But while the overall plot is scifi — blending the surreality of the alien threat Earth faces with Sam’s very real troubles — the meat of the book is about Sam’s experiences as a soldier and prisoner of war.
Her conversations with her imaginary best friend and the totally real people around her paint a heartbreaking picture of the troubles soldiers have when returning from war. Terry Moore, who is best known for his books Strangers in Paradise and Echo, uses his art to draw a subtle line between the cartoonish surreal inhabitants of Samantha’s life and the humans still waiting for her to come home.
Creative Team: Terry Moore
12) Zodiac Starforce
One of the best and worst things about comics books is the fact that they’re pretty much always coming out, which means two important things: There’s probably always something to read and you’re pretty much guaranteed to be perpetually behind on keeping up with what’s happening.
Zodiac Starforce is the rare series that actually gave its readers a chance to breathe and settle into its fantastic world of magical girls and haughty demons. The comic returned this year with Cries of the Fire Prince, a follow up series starring a glamorous villain who’d be right at home amongst Sailor Moon’s rogues gallery.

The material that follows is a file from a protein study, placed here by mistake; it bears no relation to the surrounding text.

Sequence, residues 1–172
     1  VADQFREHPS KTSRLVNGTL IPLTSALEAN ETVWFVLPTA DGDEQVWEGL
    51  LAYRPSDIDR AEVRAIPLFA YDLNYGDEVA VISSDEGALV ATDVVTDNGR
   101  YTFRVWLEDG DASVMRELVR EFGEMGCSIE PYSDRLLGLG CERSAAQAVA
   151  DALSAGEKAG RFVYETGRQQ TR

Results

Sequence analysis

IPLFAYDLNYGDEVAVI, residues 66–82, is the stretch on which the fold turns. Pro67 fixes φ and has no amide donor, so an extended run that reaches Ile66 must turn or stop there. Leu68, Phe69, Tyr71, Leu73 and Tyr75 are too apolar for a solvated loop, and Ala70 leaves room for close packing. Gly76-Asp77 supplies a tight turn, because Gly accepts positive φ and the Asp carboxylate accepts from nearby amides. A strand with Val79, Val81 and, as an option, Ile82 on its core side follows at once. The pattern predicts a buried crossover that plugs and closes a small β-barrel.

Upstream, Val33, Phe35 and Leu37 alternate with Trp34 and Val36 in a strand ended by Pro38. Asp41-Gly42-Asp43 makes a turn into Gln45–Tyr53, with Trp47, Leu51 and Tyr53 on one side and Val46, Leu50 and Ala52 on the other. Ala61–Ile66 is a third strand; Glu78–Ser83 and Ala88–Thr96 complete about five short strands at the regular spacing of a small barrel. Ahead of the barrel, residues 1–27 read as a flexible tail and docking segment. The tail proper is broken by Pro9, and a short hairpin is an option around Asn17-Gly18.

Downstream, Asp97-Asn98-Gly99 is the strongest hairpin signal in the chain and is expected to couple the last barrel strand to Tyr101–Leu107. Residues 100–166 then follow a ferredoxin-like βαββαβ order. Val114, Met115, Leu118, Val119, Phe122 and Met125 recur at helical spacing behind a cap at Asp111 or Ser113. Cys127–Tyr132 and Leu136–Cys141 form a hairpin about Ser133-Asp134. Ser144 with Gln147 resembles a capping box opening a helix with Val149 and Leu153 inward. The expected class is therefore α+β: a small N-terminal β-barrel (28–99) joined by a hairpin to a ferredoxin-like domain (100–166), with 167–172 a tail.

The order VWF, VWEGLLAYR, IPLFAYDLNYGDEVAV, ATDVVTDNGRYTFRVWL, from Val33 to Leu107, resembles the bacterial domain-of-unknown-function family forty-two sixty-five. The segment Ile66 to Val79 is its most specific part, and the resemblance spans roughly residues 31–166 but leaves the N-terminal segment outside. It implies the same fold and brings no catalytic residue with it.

Zodiac Starforce: Cries of the Fire Prince is both a love letter and a deconstruction of the magical girl genre, hitting many of the same kinds of narrative beats while also taking the time to let characters actually live within those moments in a way that you don’t always see in anime and manga. The story’s fun and lighthearted, but also knows exactly when to take itself seriously and when to just let loose and have fun.
Creative Team: Kevin Panetta and Paulina Ganucheau
Calexit is both an excellent comic and a striking thought experiment. “What if,” the comic asks, “in response to Donald Trump’s draconian presidency, California simply decided to secede from the rest of the US?” It’s an idea that floated around in the immediate aftermath of the election with many envisioning an idyllic scenario in which Californians proved to the rest of the country that they wouldn’t tolerate the White House’s commitment to disenfranchise and materially hurt marginalized people.